In this Shelter Brief, Prof Morris, presents the experiences of a sample of Millers Point residents involved in the recent forced removal of public tenants.
The research arose out of discussions with the Millers Point Community Working Party. Shelter agreed to publish it so that it will be in the public domain. The research (which received ethics approval from UTS) draws on semi-structured in-depth interviews with 13 residents who have moved from Millers Point and 6 residents who have thus far resisted the move.
The report provides a background to the Millers Point community and an account of the controversy surrounding the decision to relocate the public tenant community and to sell the properties. But mainly it focusses on the way that the decision and its implementation has been experienced by the residents – from the announcement, their views of the decision, the process of relocation, the reasons for either agreeing or refusing to go, and the experience of having left the community. It also maps out the pressure being experienced by residents who have thus far resisted the intense pressure to move.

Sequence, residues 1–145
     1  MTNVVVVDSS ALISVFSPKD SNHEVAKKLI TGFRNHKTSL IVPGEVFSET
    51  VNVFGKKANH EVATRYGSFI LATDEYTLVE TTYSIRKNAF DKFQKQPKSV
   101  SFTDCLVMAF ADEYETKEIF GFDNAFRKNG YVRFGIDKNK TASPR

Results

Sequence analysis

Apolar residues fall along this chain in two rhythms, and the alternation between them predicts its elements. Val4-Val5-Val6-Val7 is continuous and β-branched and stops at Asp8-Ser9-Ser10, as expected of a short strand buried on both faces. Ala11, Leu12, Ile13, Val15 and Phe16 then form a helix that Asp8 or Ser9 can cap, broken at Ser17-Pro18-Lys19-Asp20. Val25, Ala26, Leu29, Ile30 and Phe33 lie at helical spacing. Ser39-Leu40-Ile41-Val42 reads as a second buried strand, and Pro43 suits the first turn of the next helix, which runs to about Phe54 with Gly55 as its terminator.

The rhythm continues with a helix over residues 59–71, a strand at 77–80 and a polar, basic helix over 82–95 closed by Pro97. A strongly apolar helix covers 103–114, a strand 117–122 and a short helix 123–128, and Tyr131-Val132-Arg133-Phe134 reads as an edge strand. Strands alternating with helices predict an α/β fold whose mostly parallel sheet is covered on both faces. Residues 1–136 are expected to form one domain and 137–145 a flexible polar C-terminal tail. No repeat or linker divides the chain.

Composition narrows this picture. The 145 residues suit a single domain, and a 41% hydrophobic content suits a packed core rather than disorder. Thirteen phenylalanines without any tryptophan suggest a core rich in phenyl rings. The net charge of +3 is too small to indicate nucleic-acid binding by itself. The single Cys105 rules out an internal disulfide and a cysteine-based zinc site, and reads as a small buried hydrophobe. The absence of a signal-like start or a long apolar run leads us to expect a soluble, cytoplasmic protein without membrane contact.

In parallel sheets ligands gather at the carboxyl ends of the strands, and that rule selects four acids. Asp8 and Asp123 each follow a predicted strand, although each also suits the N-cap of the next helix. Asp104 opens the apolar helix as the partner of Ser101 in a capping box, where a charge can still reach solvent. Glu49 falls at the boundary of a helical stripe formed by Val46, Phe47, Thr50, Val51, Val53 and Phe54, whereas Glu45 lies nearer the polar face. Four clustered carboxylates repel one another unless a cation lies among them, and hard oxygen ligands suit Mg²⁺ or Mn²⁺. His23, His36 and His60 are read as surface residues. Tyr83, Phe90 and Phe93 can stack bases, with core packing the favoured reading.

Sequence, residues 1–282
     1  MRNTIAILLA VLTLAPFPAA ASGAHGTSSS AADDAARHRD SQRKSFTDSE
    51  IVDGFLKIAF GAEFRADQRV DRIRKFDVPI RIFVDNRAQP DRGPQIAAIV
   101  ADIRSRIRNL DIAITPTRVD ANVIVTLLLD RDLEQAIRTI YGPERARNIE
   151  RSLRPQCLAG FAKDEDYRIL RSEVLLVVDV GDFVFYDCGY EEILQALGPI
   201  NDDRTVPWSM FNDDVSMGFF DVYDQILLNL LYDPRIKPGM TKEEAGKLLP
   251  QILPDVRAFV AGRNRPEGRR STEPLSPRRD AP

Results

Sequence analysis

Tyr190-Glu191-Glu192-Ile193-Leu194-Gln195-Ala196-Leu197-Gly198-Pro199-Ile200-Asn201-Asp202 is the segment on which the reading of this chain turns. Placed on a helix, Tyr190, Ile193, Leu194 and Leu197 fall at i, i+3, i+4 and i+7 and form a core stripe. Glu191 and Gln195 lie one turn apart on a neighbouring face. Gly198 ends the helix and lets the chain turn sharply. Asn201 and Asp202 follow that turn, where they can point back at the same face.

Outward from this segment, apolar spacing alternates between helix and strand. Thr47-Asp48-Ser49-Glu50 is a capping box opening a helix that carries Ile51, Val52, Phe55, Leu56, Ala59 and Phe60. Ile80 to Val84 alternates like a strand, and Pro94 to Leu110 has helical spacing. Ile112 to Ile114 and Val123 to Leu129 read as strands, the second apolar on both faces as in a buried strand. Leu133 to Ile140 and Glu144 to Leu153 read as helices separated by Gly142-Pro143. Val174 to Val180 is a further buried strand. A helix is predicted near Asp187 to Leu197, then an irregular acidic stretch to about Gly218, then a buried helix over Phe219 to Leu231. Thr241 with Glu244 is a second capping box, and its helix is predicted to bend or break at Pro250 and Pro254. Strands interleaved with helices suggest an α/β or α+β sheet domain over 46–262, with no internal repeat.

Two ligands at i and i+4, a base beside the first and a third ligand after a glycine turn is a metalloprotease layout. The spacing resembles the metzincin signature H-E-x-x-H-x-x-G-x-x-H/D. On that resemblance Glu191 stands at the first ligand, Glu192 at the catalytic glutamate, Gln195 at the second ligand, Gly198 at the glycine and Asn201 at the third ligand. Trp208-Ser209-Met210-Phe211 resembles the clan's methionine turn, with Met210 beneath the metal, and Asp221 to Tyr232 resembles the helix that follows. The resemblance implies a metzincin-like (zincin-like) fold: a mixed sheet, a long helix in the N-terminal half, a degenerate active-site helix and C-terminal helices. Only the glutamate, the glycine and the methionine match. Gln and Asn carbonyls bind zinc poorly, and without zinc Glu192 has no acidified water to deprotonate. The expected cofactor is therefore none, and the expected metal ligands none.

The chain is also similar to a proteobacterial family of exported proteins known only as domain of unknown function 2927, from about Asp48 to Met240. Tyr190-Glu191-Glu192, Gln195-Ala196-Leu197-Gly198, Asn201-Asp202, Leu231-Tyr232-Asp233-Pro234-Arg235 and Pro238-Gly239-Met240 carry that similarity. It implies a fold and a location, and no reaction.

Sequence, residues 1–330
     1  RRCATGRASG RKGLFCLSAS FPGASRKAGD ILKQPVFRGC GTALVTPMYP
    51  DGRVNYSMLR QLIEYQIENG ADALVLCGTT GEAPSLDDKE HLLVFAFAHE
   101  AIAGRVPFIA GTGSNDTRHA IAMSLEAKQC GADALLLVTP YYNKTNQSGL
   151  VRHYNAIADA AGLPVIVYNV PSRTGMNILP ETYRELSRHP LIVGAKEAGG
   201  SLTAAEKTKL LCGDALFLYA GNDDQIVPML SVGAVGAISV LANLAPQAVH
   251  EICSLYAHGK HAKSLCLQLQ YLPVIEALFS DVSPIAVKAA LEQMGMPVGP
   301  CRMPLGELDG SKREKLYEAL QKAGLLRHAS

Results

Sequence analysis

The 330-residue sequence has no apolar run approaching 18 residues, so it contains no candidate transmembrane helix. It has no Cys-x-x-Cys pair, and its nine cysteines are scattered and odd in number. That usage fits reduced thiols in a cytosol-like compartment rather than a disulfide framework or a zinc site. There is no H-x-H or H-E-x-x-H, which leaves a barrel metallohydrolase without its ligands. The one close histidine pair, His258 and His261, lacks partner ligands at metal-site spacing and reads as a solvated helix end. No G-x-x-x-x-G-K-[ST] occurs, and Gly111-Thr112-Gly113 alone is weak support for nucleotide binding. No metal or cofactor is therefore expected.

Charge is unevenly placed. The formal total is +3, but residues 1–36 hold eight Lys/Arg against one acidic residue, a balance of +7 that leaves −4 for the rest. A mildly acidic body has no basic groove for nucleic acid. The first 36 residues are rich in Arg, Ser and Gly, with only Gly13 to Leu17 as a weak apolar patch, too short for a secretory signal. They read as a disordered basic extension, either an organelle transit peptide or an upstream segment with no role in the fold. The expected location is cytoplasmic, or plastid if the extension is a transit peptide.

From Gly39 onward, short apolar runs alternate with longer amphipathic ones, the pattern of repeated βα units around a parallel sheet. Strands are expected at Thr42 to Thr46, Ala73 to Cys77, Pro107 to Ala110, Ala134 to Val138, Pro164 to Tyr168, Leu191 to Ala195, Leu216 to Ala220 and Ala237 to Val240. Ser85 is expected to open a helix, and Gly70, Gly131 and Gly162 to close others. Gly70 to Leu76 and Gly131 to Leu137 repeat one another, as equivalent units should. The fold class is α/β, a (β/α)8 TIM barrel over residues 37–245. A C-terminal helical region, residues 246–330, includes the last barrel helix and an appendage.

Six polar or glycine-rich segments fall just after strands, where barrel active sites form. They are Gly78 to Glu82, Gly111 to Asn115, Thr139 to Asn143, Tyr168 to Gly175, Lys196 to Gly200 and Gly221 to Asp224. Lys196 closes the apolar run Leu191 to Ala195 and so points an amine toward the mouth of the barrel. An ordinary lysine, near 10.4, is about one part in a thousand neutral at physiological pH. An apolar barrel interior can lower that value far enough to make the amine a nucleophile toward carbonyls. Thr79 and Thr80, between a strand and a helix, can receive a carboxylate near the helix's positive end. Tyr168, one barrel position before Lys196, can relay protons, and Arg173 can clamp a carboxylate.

Despite sometimes positive responses to the relocation officers, overall the process was generally experienced as brutal, causing tremendous stress and distress. While some are happy with their move and most welcomed the better quality homes (a common sentiment was that their homes in Millers Point were badly neglected), the overwhelming experience reported by the Millers Point residents who have moved is of loss, isolation and loneliness.
The question that remains unanswered is why residents, especially older, long-term residents, with deep attachment to the area were not allowed to remain.